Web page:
A long-planned $17 million career-focused high school moved closer to breaking ground Thursday as the East Baton Rouge Parish School Board gave tentative approval to seeking bids to construct the 34,000-square-foot structure in Melrose East.

The board also advanced a plan to shift to a new student information management system at a cost of more than $1 million the first year and $448,000 a year after that.

Both items earned tentative approval unanimously — board member Dawn Collins was absent — and will return to the board Feb. 16 for final approval.

The new career high school was one of several construction projects named on the spring 2008 ballot when voters renewed a 1-cent sales tax. It has been of avid interest to a handful of prominent business leaders interested in more training programs to produce skilled workers.

If finally approved, bids would be opened April 4 with construction starting later that month. The completion date would be August 2018, two years later than originally planned.

The proposed school would be situated within a nearly 200-acre still-to-be-built, mixed-use residential development known as Ardendale, formerly Smiley Heights. The development is just north of Florida Boulevard and stretches between Ardenwood Drive and Lobdell Avenue. The new high school would be in the northeast corner of the tract, across the street from Baton Rouge Community College’s new automotive training center, which opened in August.

The high school, currently called Ardendale Technical Education Center, is set to offer training sessions twice a day in four areas: computer science, medical fields, skilled crafts and manufacturing. Specific training would range from plumbing to emergency medical technician to web design. Students would come either in the morning or in the afternoon from other public high schools in Baton Rouge. No more than 150 students would get training at the school at any given time.

No one spoke against the project Thursday and board members asked few questions.

Ed Jenkins, program manager with CSRS/Tillage Construction, presented the architectural plans prepared by Domain Architecture in Baton Rouge. Jenkins said the construction was delayed because the school system decided to acquire another 11-acre plot for the school, putting the size of the entire site at about 20 acres.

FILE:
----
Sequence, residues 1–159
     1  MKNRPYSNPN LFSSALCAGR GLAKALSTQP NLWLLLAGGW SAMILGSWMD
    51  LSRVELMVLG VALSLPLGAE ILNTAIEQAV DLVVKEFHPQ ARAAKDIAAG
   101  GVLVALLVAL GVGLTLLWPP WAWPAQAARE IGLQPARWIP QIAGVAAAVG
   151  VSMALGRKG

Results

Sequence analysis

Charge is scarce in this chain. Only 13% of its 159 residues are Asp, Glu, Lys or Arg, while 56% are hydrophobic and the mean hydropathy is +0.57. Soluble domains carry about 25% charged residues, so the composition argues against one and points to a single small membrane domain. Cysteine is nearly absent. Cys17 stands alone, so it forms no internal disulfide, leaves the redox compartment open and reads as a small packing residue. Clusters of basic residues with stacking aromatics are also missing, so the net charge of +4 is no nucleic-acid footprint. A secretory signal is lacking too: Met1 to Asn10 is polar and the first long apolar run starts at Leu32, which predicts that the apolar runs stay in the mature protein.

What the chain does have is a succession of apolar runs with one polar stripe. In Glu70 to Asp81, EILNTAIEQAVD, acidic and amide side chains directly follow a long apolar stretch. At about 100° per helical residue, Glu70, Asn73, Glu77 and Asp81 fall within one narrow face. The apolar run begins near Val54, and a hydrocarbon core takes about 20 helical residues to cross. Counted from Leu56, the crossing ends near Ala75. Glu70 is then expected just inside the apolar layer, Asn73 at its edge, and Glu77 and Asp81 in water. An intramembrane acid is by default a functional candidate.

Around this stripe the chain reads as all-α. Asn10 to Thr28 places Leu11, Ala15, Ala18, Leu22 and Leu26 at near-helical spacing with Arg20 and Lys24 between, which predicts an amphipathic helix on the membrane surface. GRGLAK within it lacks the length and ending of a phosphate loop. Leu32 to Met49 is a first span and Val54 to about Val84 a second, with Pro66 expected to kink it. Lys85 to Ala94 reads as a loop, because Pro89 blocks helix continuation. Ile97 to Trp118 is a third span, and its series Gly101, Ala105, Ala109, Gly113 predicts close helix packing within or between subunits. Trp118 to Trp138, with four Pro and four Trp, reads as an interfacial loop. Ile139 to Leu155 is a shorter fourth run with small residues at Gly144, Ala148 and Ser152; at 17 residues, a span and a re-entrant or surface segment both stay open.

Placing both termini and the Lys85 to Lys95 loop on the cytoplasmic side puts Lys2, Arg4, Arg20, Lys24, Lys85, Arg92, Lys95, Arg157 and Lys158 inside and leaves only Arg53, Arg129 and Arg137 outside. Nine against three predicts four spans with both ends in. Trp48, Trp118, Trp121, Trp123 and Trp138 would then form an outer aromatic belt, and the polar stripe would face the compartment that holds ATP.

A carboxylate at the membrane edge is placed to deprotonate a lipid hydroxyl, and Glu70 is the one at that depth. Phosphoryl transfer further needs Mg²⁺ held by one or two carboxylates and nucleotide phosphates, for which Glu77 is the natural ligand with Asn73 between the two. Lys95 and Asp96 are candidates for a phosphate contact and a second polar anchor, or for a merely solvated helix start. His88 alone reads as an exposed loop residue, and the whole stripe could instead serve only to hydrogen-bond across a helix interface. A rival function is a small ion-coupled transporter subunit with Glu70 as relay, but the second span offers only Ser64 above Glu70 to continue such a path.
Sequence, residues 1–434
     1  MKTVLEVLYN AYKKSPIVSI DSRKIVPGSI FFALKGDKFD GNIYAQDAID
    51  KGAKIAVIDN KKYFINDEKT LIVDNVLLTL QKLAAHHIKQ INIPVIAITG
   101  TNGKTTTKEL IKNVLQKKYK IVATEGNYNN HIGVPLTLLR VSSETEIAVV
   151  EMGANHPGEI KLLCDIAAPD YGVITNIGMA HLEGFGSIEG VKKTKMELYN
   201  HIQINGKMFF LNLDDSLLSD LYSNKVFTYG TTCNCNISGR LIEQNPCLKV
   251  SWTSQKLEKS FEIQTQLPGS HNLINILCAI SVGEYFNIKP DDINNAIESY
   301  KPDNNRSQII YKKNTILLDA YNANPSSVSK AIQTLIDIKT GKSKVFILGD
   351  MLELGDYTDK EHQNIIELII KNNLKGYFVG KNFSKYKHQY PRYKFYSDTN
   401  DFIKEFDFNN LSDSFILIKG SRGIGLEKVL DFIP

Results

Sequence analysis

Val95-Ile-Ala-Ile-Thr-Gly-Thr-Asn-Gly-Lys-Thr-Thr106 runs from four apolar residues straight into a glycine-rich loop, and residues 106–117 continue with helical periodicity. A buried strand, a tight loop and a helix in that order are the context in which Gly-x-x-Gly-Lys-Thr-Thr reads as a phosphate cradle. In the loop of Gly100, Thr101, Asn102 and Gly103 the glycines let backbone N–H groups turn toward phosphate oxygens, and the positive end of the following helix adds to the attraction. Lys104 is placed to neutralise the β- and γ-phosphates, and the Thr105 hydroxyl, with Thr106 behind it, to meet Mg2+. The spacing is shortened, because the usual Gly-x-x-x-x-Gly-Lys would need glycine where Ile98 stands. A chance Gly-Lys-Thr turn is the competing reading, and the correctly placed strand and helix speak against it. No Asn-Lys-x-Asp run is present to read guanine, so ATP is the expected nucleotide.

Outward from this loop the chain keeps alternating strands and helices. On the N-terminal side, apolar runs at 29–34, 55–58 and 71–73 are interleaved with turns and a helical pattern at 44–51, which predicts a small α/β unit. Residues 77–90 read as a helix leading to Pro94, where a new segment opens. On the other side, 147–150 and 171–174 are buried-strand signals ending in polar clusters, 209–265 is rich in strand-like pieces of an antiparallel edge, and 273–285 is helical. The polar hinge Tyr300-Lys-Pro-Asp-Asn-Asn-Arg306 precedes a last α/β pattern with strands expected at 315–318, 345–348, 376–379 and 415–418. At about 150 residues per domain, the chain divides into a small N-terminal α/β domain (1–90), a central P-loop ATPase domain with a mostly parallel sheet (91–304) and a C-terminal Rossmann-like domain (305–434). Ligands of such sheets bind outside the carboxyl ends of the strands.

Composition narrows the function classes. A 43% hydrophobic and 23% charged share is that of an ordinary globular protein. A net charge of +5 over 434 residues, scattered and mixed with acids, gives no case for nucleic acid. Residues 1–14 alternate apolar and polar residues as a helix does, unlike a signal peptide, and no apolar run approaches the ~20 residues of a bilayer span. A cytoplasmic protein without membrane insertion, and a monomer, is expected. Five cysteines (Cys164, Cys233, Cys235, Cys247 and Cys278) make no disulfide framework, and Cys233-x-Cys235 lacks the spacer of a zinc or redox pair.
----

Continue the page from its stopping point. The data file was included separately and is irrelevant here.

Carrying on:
Jenkins said there’s some room to expand the school in the future in the northeast corner but that area is considered wetlands, though he said he thinks they are man-made and not natural and that that wetlands designation could possibly be changed in the future if need be.

The shift to a new student information management system is something school officials have been weighing for months. The school system currently uses eSchool, created by Pennsylvania-based Sungard, and has for years used other Sungard products.

If finally approved Feb. 16, the shift would take place by July 1.

Deputy Superintendent Michelle Clayton said 84 percent of the public school districts in Louisiana use a software system that technically goes by the name JCampus, though most still call it what it’s been called for years, JPAMs. Clayton used it for years when she worked for Zachary public schools.

She said the software, made by Shreveport-based EDgear, has more capabilities than eSchool and is closely aligned with the data requirements of the Louisiana Department of Education.

“We feel (JPAMs) will really add value to our schools and provide a more efficient model for what we do in the school district,” Clayton said.

Areas where Clayton says JPAMs beats eSchools is it is accessible through any web browser rather than just Internet Explorer, has better customer service, offers a larger variety of features that work much better, requires fewer steps to carry processes and allows users to create a wide variety of reports rather than relying on specially trained personnel.

Clayton said the school system’s version of eSchool works only with versions of Internet Explorer so old they will soon no longer be serviced and would need expensive upgrading if the school system keeps the software.

“We are at a crossroad right now,” Clayton said.

The initial cost of shifting to JPAMs would be at least $1 million but could go up to $200,000 more depending on how many features the school system adopts. Clayton said the current estimate is that after the initial expense, JPAMs would cost about $3,000 less a year than eSchool.

“It’s not a lot, but it will allow us a lot more capability,” she said.

Follow Charles Lussier on Twitter, @Charles_Lussier